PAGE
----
My dear dear friend Margaret Lauzon passed away a couple of weeks ago. We had worked together on LAAFF and Music Video Asheville; and we hung out a lot talked about music, film, asheville, dogs, health, careers, men… you name it. She was always an inspiration to me in so many ways, and still is. Margaret is a true friend and I will always remember her dearly. She is already so missed by all that knew her… LOVE! Please visit her YouTube Channel and Check out some of her films http://www.youtube.com/user/meglauzon.
Also, please feel free to leave a comment and share your story of Margaret 🙂 She truly did bring a lot of people together, some of whom are just now starting to get to know each other…
Several of Meg’s friends including Jessica Thomasin, Jenny Greer, Michelle Moog, Christina Aurea, David Bragg, Steve Wilmans, Woody Wood, Ryan Grant, Jake Frankel amongst others got together in person, over the phone and via email to plan an Asheville memorial service for her. We asked a local writer and friend of Margaret’s, Rebecca Sulock, to help us write something up special to remember her. I know Rebecca had a difficult time with the writing of this, but it is absolutely beautiful and much appreciated!!!
In Loving Memory of Margaret Lauzon 1975-2010
“Just cause you’re not present, doesn’t mean you’re not here.”
Margaret wrote that in a November 2008 blog.
Margaret Lauzon isn’t present here for her 35th birthday, on September 18th, 2010, but she’s surely still here: Laughing until the furniture falls over (as Dan Ingenthron put it), surprising passersby with the fart machine on downtown streets (as Jessica Tomasin recounts), dancing in a giant afro wig as Butterfly Jones. Radiating a 100-watt smile. Her spirit and flair and passion are too strong to not be here. To borrow from e.e. cummings, we carry her heart in our hearts.
She’s remembered not just as a passionate, driven woman with incredible talent, and not just as a woman who made things happen — a woman who was “assertive but eloquent,” according to her friend Erin Scholze. The girl worked hard.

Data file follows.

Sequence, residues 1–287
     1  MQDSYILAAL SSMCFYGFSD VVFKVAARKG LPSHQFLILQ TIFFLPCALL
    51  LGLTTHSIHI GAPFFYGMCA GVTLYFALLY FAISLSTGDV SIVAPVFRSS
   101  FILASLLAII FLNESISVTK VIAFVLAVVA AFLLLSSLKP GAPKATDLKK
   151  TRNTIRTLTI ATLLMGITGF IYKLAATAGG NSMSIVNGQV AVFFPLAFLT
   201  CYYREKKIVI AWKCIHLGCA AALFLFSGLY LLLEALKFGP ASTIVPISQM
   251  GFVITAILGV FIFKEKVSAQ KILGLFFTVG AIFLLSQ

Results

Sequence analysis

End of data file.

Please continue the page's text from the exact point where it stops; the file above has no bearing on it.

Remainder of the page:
She’ll be remembered as a clever wit, an effervescent, talkative spirit and a gal who had her own way of talking about the world. Her way happened to be wicked sharp and cracked people up.
“She was one of the funniest people I’ve ever met in my life,” says Tomasin.
She’ll be remembered, too, through the many projects she spearheaded: “Many were purely out of love for her work,” notes Jake Frankel, who watched Meg put in tireless effort on a short film for Toubab Krewe. She drove by herself to Florida and Chapel Hill, just to get the footage she needed for the project. The project had its share of challenges, and Margaret tackled and beat every one: The film turned out to be incredible.
Lauzon had been working on a documentary on the Asheville music scene for years called “My Life Rocks”. She lives in the hours of band footage she shot, in the Studio South sessions with local musicians, in the side-splitting “Tear of the Beest” and in the other work that she produced with Villasonica.
She’d also been filming pieces on her experience with cancer. She chronicled doctors and treatments, and worked to make use of that struggle, even while it weakened her. That’s how tough she was, and how industrious. And even in sickness, Margaret had the strength to be a support to others who were struggling.
And through it all, she still laughed.
Her laughter doesn’t stop, just because she’s not present. She’s still here, and always will be. A spirit that strong doesn’t fade.
“She inspired me so much,” says Scholze, and that’s true of a whole lot of people.
We are hosting memorial service and Meg’s 35th Birthday Throwdown for her friends and family this Saturday at the API studio of Echo Mountain. Here are some of the details:
Margaret Lauzon was a unique spirit. She was passionate about local music and film: She worked with events and musicians through her Villasonica production company, she helped found Music Video Asheville, she served on the LAAFF music committee for several years, her Studio South productions captured local musicians in action, and she was working on a full-length documentary on the Asheville music scene. She helped produce one of the best films to ever come out of Asheville’s 48 Hour Film Project: Tear of the Beest. That’s just to list a few.
Lauzon died recently after a two-year bout with cancer. On Saturday, people will gather at Echo Mountain’s API studio to celebrate her life. It’s open to the public — there were lots of people in town who she worked with, who she filmed, who she advocated for and who she made laugh. A lot. Woody Wood, Jenny Greer and others will play music at the event, and some of Lauzon’s films will be shown.
The Margaret Lauzon Memorial & Birthday Throwdown will be Saturday, Sept. 18, at Echo Mountain API studio (second floor), 175 Patton Avenue. 5-9 p.m. Info at 232-4314 ext. 300. Here’s a link to the event on Facebook. Here is a link to her obituary.